Jonty doesn’t stop until we’re out the other side of the alleyway. He slides down behind a large skip abandoned in the street. I fall down beside him.

“The garage’s right behind us. When I say, we run for it, OK?” Jonty puts his arm round me. “We’re almost there.”

I watch the camera crew settle again a few metres away from us. Clenching my right hand around the rifle’s grip, I wait for Jonty’s signal. “Now!” he shouts, pulling me to my feet and sprinting out towards the garage.

I hurl myself after him, but I struggle to keep up. He’s a different runner with freedom in his sights. At the garage, Jonty stoops and flings up the garage door to reveal two cars parked side by side. Jonty goes straight to a red one on the left. He stands at the driver’s side, holding the hammer beside his shoulder.


I nod.

He throws the hammer down through the window. I turn to face the square. The alarm screams, blocking out all other sound.

I look over my shoulder at Jonty. He’s bent forward inside the car, trying to get it to start. I look back around at the square. The camera crews have us surrounded but they’re keeping their distance. They don’t know how to react when the action goes off script.

Jonty is taking a long time. I fear too long. I look over my shoulder again. Then I notice the back passenger door of the other car. It’s open. It wasn’t like that before. My eyes fly back to our car. I catch a flash of a peroxide-blonde quiff.

Jonty!” I scream.

I run over, slam the passenger door shut and throw the butt of the rifle hard into the Seeker’s shoulder. He looks up at me and stands back from the car at the surprise. I brace myself for his retaliation. But it doesn’t come.

The Seeker leans back against the other car. He just stares at me with those sickly blue eyes. I hit him across the jaw with the side of the rifle. I’ll be honest, it feels good. He overreacts and falls to the ground, raising a hand to feel the blood appearing on his face. I wait for him to get up.

“Come on, hit me then!” I shout.

But he staggers out of the garage. Quickly, I turn my back on him to check Jonty. He’s leaning with his head back against the seat. His nose is bleeding.

“Are you OK?”

“Yeah,” he replies softly. “I got it running.”

I look up again and see that the Seeker has turned and is walking away from the garage.

“Move over, then. Let’s get out of here,” I say.

I put the car in reverse and plough out of the garage. We pass the Seeker, and I half expect him to leap onto the car roof. But he just stares. I do a hard right turn away from the scene.

Jonty looks at me and holds a hand in the air for a high-five. I take my left hand off the steering wheel and slap his hard. It burns.

“We did it.” He beams. “You were amazing. He would have had me for sure if it weren’t for you.”

“I didn’t do anything,” I say quietly. I look in the rear-view mirror at the Seeker, wandering away. Seriously, I didn’t do anything.

“Feels good, right – freedom?” says Jonty.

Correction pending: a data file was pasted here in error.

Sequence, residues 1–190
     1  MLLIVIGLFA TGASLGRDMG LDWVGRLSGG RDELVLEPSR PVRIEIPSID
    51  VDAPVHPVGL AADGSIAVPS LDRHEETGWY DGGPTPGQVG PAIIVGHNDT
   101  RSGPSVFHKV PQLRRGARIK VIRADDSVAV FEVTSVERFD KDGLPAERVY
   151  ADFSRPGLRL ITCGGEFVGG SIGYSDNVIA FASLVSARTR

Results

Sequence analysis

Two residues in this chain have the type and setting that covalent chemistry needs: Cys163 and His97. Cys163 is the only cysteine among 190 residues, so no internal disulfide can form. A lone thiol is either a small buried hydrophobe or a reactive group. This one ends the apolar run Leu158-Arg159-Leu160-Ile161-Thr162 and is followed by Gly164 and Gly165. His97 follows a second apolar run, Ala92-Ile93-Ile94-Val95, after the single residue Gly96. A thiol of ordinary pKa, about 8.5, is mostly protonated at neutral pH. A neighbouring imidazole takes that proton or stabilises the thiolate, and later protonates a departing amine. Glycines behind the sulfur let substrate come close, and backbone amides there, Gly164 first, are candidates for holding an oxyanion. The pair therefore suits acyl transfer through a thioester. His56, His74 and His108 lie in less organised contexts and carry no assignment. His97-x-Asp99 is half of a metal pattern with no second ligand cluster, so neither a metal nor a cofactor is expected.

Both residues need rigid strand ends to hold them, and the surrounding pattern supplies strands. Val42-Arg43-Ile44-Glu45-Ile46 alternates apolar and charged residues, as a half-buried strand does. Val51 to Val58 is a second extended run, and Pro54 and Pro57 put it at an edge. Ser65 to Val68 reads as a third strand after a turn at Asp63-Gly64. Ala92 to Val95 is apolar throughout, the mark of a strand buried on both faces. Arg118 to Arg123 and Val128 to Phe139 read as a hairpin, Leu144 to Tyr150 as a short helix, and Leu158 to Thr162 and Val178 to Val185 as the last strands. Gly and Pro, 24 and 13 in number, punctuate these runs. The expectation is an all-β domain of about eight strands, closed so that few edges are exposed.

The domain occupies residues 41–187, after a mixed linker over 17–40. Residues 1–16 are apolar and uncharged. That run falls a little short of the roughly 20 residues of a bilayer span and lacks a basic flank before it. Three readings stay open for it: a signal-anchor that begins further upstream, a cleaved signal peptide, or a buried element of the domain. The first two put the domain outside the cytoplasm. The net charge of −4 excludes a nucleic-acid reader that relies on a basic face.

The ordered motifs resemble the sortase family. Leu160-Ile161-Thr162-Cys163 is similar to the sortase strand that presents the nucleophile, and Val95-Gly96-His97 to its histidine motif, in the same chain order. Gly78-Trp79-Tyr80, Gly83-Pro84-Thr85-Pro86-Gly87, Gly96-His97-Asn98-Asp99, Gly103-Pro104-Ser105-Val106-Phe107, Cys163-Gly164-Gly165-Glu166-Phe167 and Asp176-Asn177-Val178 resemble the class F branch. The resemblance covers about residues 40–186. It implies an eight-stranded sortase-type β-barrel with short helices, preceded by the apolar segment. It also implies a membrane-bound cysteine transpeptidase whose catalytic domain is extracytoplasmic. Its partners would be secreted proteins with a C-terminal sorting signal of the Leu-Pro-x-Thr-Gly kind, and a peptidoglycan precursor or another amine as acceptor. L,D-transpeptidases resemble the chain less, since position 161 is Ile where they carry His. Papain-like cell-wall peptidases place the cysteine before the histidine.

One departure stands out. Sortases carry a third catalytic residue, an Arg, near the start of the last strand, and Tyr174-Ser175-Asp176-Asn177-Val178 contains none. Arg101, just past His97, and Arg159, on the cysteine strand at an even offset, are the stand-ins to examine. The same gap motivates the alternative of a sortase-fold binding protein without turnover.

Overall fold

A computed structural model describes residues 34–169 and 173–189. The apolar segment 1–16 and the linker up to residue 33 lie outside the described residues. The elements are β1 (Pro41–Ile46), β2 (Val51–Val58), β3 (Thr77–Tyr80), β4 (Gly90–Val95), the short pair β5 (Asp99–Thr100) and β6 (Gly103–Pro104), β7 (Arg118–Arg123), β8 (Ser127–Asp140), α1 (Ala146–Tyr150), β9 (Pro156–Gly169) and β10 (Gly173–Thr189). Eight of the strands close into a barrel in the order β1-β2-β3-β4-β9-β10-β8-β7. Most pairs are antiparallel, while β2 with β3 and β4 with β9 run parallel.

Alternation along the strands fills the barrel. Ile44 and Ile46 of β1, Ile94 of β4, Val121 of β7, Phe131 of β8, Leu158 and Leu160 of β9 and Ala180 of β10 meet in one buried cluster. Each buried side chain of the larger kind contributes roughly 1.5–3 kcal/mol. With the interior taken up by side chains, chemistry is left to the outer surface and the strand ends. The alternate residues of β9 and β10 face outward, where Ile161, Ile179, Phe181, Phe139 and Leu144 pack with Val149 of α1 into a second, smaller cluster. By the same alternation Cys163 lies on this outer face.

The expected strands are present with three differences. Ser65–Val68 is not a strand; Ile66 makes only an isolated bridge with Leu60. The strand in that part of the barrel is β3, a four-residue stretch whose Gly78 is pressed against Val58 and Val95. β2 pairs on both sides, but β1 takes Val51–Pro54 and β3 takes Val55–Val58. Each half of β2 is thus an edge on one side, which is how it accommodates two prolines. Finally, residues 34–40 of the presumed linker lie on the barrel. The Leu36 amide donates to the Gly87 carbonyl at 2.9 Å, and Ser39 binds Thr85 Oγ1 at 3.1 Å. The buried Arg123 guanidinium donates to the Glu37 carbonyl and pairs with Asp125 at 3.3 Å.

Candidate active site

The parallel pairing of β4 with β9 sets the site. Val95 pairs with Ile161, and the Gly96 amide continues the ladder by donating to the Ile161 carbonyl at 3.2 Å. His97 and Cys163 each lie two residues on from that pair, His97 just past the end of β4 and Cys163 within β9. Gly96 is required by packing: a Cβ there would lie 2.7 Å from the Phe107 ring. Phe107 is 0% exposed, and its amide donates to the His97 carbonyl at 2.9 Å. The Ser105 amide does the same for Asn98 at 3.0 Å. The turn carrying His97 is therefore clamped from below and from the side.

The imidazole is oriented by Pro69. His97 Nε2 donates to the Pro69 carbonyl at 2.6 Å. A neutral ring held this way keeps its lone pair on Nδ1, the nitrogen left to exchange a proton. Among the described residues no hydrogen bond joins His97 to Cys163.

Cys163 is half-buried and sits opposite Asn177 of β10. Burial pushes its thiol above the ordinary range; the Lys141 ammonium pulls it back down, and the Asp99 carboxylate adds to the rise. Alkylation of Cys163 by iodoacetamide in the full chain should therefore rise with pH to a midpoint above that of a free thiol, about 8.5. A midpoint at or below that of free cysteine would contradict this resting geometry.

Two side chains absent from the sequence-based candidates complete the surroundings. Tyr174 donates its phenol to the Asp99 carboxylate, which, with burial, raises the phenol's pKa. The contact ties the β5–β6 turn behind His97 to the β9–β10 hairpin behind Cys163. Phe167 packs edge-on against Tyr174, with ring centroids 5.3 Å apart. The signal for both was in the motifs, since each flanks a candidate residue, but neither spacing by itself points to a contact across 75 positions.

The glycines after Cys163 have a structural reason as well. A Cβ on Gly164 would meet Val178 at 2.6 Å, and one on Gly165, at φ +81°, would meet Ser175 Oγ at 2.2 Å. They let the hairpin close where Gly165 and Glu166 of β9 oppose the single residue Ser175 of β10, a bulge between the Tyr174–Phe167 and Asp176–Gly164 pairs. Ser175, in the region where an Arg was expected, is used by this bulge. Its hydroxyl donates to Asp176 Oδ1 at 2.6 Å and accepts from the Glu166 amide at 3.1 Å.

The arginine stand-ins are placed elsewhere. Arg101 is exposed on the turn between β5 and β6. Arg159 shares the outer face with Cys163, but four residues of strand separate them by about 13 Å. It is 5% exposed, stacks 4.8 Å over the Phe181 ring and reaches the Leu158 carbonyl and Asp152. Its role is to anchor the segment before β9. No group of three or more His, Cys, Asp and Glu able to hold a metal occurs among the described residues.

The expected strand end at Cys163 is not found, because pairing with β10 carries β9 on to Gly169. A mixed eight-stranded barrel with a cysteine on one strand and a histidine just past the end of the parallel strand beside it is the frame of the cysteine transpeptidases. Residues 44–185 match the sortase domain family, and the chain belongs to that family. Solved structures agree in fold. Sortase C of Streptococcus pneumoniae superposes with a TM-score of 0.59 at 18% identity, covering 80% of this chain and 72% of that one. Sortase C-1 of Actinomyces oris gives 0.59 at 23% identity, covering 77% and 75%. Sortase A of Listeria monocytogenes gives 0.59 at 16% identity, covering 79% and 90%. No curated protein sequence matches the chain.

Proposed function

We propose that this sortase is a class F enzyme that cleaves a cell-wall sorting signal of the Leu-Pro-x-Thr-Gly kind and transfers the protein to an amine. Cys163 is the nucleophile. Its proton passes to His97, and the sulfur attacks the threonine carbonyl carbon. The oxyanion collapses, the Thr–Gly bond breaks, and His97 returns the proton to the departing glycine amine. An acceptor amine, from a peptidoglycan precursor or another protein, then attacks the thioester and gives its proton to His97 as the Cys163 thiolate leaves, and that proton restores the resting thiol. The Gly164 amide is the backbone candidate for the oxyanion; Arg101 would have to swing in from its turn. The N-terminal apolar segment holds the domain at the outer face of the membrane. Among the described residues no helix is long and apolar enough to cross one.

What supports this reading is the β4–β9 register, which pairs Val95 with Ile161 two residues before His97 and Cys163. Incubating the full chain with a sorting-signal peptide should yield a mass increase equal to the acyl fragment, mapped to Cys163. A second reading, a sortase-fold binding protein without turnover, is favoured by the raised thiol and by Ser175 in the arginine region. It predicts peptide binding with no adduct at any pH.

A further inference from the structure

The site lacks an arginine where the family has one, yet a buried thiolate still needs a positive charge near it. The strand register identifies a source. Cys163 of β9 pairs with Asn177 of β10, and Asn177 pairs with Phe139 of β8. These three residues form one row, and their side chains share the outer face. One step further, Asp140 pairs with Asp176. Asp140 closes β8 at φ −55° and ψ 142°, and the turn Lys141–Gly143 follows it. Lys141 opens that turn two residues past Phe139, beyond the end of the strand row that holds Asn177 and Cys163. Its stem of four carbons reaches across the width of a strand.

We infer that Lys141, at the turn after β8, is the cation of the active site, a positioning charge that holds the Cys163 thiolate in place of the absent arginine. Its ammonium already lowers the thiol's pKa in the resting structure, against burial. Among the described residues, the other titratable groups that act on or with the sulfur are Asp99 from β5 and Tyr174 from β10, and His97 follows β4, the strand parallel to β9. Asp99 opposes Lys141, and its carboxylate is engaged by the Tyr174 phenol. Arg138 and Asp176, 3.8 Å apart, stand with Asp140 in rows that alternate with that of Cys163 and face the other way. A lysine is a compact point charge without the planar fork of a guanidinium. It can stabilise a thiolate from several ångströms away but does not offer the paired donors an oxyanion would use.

I just look ahead.

Two jeeps full of cameras are now in pursuit. I can already see the wire fence that signals the edge of the set ahead of us. But now I’m replaying everything that just happened in the last twenty-four hours. The director’s words circle on repeat in my head: “Don’t go after this one.”

I brake hard.

“What’s going on?” says Jonty. “We’re almost there!”

“I think they like me Jonty. The viewers, I think they’re voting for me.”

“Cass.” He takes my hand and squeezes it.

“Think about it. We didn’t get caught this week, even though the Seeker basically had us. They intervened when he attacked me. And just now – he let us go. He didn’t do anything, he just stared at me.”

“Are you kidding? He nearly killed you yesterday!”


“I’m not coming with you Jonty.”

“You’re saying you’d rather have this crazy? We can start a new life together.”

I shake my head. “I have to do this…my way.” I look out the window. One of the jeeps is parked about ten metres away – staring back at us.

Jonty doesn’t say anything.

I look back at him. The second jeep crawls into view behind him. There isn’t much time.

“I have to.” Now I squeeze his hand. “I’m sorry, Jonty.” I lean forward and press my lips to his. I know the cameras are watching – waiting to see what happens next. Then I pull away and, without looking him in the eyes again, pick up the rifle, climb out of the car and push the door shut behind me.

I watch him slide across into the driver’s seat. The car moans as he accelerates away. I turn and face the set. All cameras are on me.




Ali Boston is currently working on her first novel, which is set in a dystopian world plagued by the social impacts of climate change. When she’s not writing, she works for an organization that helps businesses combine forces to respond to global challenges – from climate change to inequality. Originally from the UK, she has lived in Costa Rica and Russia, and is now based in Oslo, Norway. This is her short story debut. Follow her on Twitter @ali_boston

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5 Comments Post a Comment
  1. Helen Aherne says:

    Great story, Ali! Had my attention from the very start. Enjoyed the action, which kept up the pace right through. Well done!
    Helen – Lumb Bank

  2. Ingrid Kjöllerström says:

    Such a good story – really enjoyed it! But, what happens next???? Can you pls write a sequal!

  3. Ali Boston says:

    Very glad to hear you enjoyed it, Helen!

  4. Ali Boston says:

    Thank you, Ingrid. I would love to write the next episode!

  5. Dan says: